IFAP syndrome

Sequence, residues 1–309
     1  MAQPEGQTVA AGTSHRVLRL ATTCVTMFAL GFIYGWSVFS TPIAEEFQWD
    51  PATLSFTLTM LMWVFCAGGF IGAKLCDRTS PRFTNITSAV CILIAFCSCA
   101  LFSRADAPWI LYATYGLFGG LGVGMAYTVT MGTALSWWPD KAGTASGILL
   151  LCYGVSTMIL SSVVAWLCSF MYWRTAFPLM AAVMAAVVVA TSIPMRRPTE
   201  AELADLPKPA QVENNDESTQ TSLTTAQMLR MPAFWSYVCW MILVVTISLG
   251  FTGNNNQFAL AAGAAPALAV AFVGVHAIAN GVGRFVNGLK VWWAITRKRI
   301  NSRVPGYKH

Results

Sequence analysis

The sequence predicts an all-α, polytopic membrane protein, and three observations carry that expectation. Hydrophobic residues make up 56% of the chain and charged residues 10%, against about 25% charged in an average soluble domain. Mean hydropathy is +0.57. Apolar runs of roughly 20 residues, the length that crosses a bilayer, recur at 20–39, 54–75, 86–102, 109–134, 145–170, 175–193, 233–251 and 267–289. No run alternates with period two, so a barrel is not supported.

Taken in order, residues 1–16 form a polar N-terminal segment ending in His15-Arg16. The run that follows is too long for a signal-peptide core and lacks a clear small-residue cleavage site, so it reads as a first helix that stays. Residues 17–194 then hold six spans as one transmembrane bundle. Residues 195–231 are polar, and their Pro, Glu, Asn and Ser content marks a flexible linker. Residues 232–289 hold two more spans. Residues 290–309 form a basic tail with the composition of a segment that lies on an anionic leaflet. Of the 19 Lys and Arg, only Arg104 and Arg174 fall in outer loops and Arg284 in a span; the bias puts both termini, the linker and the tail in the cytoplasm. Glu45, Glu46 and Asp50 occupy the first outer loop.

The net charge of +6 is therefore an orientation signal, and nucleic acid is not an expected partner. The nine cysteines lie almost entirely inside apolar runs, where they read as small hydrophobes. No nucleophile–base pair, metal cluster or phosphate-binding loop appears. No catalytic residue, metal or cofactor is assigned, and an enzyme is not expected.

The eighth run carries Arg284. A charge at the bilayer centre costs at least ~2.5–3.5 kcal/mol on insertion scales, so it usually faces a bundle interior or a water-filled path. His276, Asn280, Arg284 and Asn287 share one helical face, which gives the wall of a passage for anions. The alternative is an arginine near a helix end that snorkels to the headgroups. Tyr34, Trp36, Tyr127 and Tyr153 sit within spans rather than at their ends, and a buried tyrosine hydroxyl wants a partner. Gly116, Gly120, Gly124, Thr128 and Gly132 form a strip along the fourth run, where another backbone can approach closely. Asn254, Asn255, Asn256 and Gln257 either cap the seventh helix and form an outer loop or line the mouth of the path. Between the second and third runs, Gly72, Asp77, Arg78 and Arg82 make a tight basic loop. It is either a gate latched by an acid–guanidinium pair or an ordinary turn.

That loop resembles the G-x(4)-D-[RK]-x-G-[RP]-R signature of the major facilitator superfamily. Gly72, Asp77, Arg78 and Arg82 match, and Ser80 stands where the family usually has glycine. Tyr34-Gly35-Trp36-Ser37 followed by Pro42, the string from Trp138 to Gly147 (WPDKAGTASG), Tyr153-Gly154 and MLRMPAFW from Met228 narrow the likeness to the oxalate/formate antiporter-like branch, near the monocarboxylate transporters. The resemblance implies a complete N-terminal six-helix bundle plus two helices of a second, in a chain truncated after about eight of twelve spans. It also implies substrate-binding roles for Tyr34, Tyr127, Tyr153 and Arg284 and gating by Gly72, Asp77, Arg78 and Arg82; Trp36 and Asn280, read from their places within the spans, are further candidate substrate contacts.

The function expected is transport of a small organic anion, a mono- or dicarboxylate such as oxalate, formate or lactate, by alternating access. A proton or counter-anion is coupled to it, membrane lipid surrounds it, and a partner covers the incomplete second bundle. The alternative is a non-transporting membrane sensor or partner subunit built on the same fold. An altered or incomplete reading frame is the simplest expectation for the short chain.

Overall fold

IFAP syndrome: Description, Causes and Risk Factors:IFAP syndromeIFAP syndrome is a rare genetic disorder characterized by ichthyosis and alopecia from birth and sometimes accompanied by short stature, intellectual disability, and seizures that develop in the first few years of life. Photophobia may also be present in the first year of life or appears in infancy or early childhood. Its mode of inheritance is X-linked recessive, thus mostly affecting males. Affected or carrier females may display some of its clinical features.The IFAP syndrome is a rare X-linked genetic disorder reported in nearly 40 patients so far.The disorder results from mutations in the MBTPS2 gene that impairs cholesterol homeostasis and the ability to cope with endoplasmic reticulum stress. This gene encodes an intramembrane zinc metalloprotease, which is essential in development. This protease functions in the signal protein activation involved in sterol control of transcription and the ER stress response. Mutations in this gene have been associated with IFAP syndrome. IFAP syndrome has been quantitatively linked to a reduction in cholesterol homeostasis and ER stress response.A recessive X-linked pattern of inheritance has been established for IFAP. Therefore, the risk for a female carrier to have an affected son is 50%. The mutation might also arise in the patient's de novo.Recently, a mother and daughter, and 2 unrelated female patients with an IFAP syndrome were reported. They did not have linear distribution of skin lesions, suggesting an autosomal dominant mode of transmission. Thus, besides X-linked recessive inheritance, an autosomal dominant mode of inheritance could be present.Life expectancy in patients with IFAP syndrome can vary from death in the neonatal period to normal surviving. Cardiopulmonary complications were the main cause of death.Symptoms:The main symptoms are dry, scaly skin, absence of hair and excessive sensitivity to light (photophobia). Additional features include short stature, mental retardation, seizures and a tendency for respiratory infections.Other clinical features associated with IFAP syndrome consist of short stature, dysmorphic features such as frontal bossing, choanal atresia, and large ears. Intestinal anomalies such as omphalocele, Hirschsprung disease, congenital aganglionic megacolon, stenosis of the small intestine, and inguinal hernia, renal, cardiac and vertebral anomalies, and cleft hands have been reported. Recurrent infections are often noted in IFAP syndrome. External genitalia are almost always normal; few cases presented with cryptorchidism and one with a hypospadias. Dental development is normal.Diagnosis:Diagnosis is based on appearance and family history. The diagnosis is confirmed by carefully examining the skin and ruling out other malignancies.Skin histopathology is non-specific and consists of dilated hair follicles with keratin plugs extending above the surface of the skin, decreased or absent sebaceous glands and normal sweat glands. Transverse section of scalp biopsy can reveal abortive sebaceous glands in hair follicles. The number of total hair follicles is not significantly decreased suggesting that the pilosebaceous hypoplasia might arise from impaired maturation during hair follicle morphogenesis.On electron microscopy moderate spongiotic changes associated with partial disruption of the intercellular bridges, decreased desmosomes in number and size, and some dyshesion of the cells could be seen. Examination of the cornea with EM can show reduced number of desmosomes in the corneal epithelium, dispersed bundles of tonofilaments and dilated intercellular gaps with segregated desmosome remnants.Treatment:IFAP syndrome can be treated using topical keratolytics, emollients and urea preparations. A moderate response to acitretin therapy has been noted in some patients. Intensive lubrication of the ocular surface is essential. A moderate response to acitretin therapy at a dose of 0.3 to 1 mg/Kg/day with improvement in cutaneous features and corneal erosions but no changes regarding alopecia and photophobia have been noted in some patients. Seizures must be treated accordingly.NOTE: The above information is educational purpose. The information provided herein should not be used during any medical emergency or for the diagnosis or treatment of any medical condition.DISCLAIMER: This information should not substitute for seeking responsible, professional medical care.